Billie Holiday and Etta James: The Lives and Legacies of the Famous Jazz Singers

Billie Holiday and Etta James: The Lives and Legacies of the Famous Jazz Singers

*Includes pictures
*Includes the artists’ quotes about their lives
*Includes online resources and a bibliography for further reading
*Includes a table of contents

If Billie Holiday wanted to become a jazz singer, she chose the best of all eras in which to attempt it. A wave of great jazz and jazz/pop crossover artists swept over the United States from the 1920s through the 1950s, generating a golden age for the genre. This wondrous jazz era was well represented by both black and white master artists, men, women, vocalists, and instrumentalists, and Billie Holiday has stood the test of time as well as any, despite struggling with an environment that easily could have doomed such aspirations.

Emerging from such a powerful group of talented vocalists was not easy. The woman who has come to represent a model of great, instinctive jazz singing came from nowhere, had nothing, and virtually had no one who was truly helpful in her background. She was raw and untrained but went forward regardless, with limited and quirky vocal gifts, the likes of which had never been heard in the highest circles of jazz. This especially was true among women, where perfection of phrasing and a smooth style of delivery stood as the unspoken guidelines of vocal success. No female counterpart of Louis Armstrong, one of Holiday’s idols, was ever going to survive in the female jazz world for long, except perhaps as a novelty.

It was not only hard-headed persistence that made Holiday “a preeminent female jazz vocalist” but a self-education, with the core belief that to sound like another singer was to not make music at all. Singing only from her deepest instinct and accepting no one as a literal model, she magically “changed the paradigm for jazz singing” by refusing to do anything the way it was expected to be done, or by swinging in any way that did not come authentically from her own artistry. Holiday “rewrote the rules” of jazz singing by using her voice not to imitate other singers, but by taking on the style of movement and sound common to jazz instruments. On top of that, she took the moderately employed practice of singing off the beat and brought it to the rhythmic forefront of virtually everything she sang. Holiday could “subtly twist [the] rhythm” in a way never before heard, “in the manner of an instrumental soloist.” Grateful to Louis Armstrong as a model, any song she took up was transformed rhythmically, tonally, and emotionally, with her “light and untrained” instrument, which despite its clarity could wield “a wounded poignancy” .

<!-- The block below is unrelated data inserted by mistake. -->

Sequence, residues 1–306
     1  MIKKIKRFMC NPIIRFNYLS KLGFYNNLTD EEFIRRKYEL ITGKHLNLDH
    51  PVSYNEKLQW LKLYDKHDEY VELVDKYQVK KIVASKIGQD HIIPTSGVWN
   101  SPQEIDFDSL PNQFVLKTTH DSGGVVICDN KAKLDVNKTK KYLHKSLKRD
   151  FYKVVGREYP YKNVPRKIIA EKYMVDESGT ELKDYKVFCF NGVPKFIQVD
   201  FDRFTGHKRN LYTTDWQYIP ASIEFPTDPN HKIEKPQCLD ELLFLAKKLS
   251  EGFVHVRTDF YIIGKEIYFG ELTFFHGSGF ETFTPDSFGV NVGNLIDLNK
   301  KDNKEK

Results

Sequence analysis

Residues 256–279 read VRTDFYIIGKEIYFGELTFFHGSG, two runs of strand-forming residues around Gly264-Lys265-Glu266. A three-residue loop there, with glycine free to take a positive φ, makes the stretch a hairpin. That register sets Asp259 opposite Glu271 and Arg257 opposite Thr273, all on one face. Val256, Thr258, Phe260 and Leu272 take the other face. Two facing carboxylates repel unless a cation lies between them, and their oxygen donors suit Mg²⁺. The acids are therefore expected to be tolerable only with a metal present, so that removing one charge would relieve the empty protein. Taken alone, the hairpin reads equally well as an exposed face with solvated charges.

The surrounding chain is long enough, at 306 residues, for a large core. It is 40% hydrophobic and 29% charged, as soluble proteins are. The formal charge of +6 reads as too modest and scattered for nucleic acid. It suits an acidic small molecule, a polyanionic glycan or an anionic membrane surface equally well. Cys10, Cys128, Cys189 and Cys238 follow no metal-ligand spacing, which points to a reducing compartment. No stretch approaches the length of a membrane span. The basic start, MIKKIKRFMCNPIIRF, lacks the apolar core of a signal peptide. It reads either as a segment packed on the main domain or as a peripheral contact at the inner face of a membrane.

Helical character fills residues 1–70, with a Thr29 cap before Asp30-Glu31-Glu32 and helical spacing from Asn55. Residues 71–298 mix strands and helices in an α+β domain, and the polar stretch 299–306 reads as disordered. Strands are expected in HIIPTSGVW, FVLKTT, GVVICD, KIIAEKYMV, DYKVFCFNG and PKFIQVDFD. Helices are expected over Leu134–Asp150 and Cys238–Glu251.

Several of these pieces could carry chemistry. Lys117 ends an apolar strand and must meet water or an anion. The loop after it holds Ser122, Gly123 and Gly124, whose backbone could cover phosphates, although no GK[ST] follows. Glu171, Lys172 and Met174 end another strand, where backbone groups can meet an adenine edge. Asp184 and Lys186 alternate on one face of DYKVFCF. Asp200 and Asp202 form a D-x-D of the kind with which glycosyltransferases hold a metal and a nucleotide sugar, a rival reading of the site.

Etta James, the legendary jazz, gospel, rhythm & blues, and soul singer, was perfectly positioned to reign as the supreme artist in the emerging soul genre of the ‘40s and ‘50s in America. No one ever doubted her talent, the highly distinctive and versatile nature of her voice, or her drive to succeed, and yet, she has been “woefully overlooked” in the history of indigenous rock and blues music in the United States. She is famous and recognized for several iconic hits with which she is eternally associated, such as “I’d Rather Go Blind” and “At Last,” but her place in the pantheon of great soul artists is unsteady and not always instantly recognizable by those outside of a knowledgeable group of devotees. For the rest of soul music’s listeners, mention of her name will result in a hasty inclusion into the inner circle of leading artists, as though James had been momentarily forgotten. Once the object of focus, however, she is revered as one of the titans of the genre, and those who had allowed her to slip from their minds are immediately reawakened to her powerful vocal and interpretive gifts.